This term Toni Kroos hasn’t yet hit the heights he did under Carlo Ancelotti last season. However, the German midfielder is starting to get into his stride and his stats remain impressive to say the least. He continues to ferry the ball across the pitch with robot-like efficiency, leading the La Liga charts for completed passes (1,020) despite Rafa Benítez restricting him to benchwarming duty on more than one occasion.
Kroos embodies German reliability. His game is all about making others tick. His current role isn’t all that different from his brief under Ancelotti, although he is being asked to be a tad more static in front of the defence, as the go-to man to funnel possession out from the back. The knock-on effect is that he has less scope to maraud forward, in spite of being one of the best shooters from long range in the Real Madrid squad and having made the biggest mark in his career in a more advanced position.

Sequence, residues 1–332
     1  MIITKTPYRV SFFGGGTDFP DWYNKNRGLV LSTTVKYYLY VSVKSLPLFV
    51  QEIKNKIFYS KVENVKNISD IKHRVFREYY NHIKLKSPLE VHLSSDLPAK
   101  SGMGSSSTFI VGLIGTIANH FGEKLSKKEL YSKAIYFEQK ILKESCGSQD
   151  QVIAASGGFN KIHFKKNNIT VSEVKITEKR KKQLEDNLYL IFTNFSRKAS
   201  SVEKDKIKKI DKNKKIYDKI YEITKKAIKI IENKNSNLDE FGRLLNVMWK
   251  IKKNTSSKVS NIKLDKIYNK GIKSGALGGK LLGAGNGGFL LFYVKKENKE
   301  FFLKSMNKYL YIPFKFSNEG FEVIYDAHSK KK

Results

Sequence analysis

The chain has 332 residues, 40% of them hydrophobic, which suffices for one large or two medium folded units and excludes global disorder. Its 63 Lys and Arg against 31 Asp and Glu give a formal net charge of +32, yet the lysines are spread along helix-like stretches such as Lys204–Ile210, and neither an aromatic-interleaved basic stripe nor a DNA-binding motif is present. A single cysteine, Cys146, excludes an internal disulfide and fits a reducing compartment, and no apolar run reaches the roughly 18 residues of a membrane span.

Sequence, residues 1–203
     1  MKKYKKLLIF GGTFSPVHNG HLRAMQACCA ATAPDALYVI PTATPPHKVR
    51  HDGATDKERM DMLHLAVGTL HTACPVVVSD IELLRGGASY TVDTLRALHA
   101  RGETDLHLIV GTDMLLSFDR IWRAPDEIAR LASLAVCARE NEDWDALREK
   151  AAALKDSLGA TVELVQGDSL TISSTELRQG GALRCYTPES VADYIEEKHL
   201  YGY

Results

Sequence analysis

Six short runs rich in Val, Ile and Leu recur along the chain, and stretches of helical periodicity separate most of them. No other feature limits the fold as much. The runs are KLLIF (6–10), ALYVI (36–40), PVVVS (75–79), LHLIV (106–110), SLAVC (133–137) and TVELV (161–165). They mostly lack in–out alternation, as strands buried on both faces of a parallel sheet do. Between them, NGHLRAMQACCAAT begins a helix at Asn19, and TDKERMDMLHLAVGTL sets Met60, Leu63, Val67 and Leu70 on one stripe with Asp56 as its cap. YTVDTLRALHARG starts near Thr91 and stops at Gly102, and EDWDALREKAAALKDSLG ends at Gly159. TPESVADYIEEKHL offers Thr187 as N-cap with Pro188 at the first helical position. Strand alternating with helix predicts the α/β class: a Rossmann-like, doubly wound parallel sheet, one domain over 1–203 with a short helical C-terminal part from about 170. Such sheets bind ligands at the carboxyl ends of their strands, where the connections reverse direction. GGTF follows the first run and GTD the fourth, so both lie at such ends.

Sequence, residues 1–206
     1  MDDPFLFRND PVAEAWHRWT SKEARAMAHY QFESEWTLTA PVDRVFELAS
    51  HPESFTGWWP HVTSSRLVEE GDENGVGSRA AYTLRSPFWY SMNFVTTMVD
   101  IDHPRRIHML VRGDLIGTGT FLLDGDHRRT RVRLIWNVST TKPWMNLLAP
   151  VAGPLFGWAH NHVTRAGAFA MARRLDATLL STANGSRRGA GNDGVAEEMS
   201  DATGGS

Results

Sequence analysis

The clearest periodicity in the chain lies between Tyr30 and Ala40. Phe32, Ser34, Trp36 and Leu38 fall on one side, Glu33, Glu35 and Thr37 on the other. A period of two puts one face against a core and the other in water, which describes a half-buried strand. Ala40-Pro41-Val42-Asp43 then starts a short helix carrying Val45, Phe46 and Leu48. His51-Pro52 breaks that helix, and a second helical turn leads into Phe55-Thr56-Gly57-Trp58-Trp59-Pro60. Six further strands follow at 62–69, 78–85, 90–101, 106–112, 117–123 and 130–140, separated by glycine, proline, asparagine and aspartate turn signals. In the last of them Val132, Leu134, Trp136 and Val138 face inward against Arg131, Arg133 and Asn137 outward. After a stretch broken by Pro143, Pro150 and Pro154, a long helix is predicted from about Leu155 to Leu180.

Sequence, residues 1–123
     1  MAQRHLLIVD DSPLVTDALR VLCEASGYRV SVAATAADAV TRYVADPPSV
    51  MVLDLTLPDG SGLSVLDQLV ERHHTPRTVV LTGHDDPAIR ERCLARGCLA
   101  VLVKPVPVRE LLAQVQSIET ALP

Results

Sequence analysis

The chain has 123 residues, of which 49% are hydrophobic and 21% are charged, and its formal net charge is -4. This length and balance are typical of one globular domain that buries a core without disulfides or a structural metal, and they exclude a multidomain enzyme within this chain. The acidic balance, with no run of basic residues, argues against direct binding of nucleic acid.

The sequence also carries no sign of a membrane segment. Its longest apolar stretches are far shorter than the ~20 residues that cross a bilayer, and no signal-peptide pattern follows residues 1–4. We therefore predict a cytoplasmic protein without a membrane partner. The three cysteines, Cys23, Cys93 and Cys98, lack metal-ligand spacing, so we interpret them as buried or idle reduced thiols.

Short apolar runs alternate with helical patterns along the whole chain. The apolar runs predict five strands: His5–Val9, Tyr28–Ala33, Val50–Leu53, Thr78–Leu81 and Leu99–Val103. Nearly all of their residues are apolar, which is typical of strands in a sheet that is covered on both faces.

Sought after, but willing to sit tight
Kroos has got used to what is being demanded of him and although several top European clubs have cast admiring glances in his direction, he fully intends to stay at the Bernabéu so long as he is considered a key figure in the middle of the park.
This equanimity, typical of Kroos, comes despite the doubts raised by some of Benítez’s recent decisions. The fact that the former Bayern Munich schemer was dropped and didn’t play a single minute in Cádiz, at home to Malmö and, lastly and most importantly, at El Madrigal, had put his many potential suitors on red alert. Yet all the noises coming out are that the World Cup winner will not rock the boat and will keep doing his tidy job while waiting for things to improve both personally and collectively. As the saying goes in tough times, this too will pass, and when Kroos has the ball at his feet, you can bet the outcome will be a positive one.